To gird yourself for the inevitable elbow-throwing and pen-hoarding of battle, you down two stiff drinks once you arrive back at the auction and hope that your shoulders will soon unhinge from your earlobes. Of course, two drinks in, all that crap you set up earlier in the day starts to look more appealing, and soon you possess a new sewing machine, a Mexican beer stand, and a restaurant gift certificate for which you accidentally bid more than face value, as well as an exasperated husband.

I am certainly not going to talk about the panic you feel when someone overspends on an item you’ve donated. The amount of work and worry you’ll have to put in for when you actually host the “Egészségédre! Hungarian Dinner Party for Twelve” that your fellow parent just bought climbs exponentially as each new bid is called. It’s hard to resist the urge to stand up and yell at the tipsy bidders, “It’s not going to be that special of a night! My goulash is substandard!”

And I won’t mention the buyer’s remorse you feel when you wake up the next day, head throbbing, and discover a giant wicker basket of Semifreddi’s bread and a gift certificate to an estate planning seminar strewn with your handbag, earrings, and shoes across the kitchen table.

So why do I wheedle and cajole my husband to take me every year?

In part because I’m curious to see how the other parents clean up. We’re used to seeing each other in the school hallways clothed in the Harried Parent uniform of sweatpants and fleece. But on auction night, all bets are off. Every once in a while someone will trot out what looks like an old bridesmaid dress, and there was a year that one woman was a dead ringer for a Flaming Red Hot Cheeto – orange from her roots to her shoes. But for the most part it’s nice to see the moms and dads who trouble to put on a dress or suit, spritz on a little cologne and wear something other than sneakers. It’s like running into an old n’er-do-well college friend who, you’re glad to see, turned out okay after all.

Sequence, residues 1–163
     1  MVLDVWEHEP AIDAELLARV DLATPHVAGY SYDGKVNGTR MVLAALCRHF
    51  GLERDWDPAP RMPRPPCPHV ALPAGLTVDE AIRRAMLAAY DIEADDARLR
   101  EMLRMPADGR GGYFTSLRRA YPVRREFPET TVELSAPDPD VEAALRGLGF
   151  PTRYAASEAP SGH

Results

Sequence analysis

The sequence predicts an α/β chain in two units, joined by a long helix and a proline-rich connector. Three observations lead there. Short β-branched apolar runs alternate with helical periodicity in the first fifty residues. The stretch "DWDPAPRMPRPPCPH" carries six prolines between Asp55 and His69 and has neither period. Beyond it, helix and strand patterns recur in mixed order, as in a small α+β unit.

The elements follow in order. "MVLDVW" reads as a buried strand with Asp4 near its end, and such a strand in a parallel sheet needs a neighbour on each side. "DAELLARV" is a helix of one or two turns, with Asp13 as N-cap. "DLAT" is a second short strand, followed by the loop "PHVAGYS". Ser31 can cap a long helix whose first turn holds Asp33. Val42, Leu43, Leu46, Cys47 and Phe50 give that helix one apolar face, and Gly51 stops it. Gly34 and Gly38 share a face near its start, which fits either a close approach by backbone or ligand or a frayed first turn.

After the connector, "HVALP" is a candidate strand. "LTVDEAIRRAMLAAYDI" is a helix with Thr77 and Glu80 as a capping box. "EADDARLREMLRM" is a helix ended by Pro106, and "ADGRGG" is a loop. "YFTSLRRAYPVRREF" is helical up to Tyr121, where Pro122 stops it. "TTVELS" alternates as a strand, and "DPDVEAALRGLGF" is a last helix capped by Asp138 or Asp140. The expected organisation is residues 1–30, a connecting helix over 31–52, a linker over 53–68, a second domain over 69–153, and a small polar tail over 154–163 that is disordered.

But the real lure is the camaraderie when the rumor of how much we’ve raised starts to circulate through the crowd. “How much so far?” “They think it’s at least as much as last year, and they haven’t even auctioned off ‘Principal for a Day’ yet.” “Could you BELIEVE how much the Brazilian Dinner party went for?”

Suddenly all that crazy-making auction prep begins to have tangible meaning: field trips and hands-on science experiments, symphony concerts and daily gym class, computers in the classroom and teacher aides. It means providing all the things to a school that the state school budget should cover, but doesn’t anymore. It means we can even make a donation to another public school in our district, one where the parents don’t have the means (or aren’t crazy enough) to throw an auction.

It means that even when jobs are scarce and funds are low and everyone carries economic worry with them like a low-grade fever, you’re part of a community that still puts public education first.

And that, to me, is the ultimate auction treasure.

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Nancy Davis Kho is a freelance writer who lives in Northern California. When not throwing elbows to win silent auction items on behalf of her kids, she blogs at Midlife Mixtape.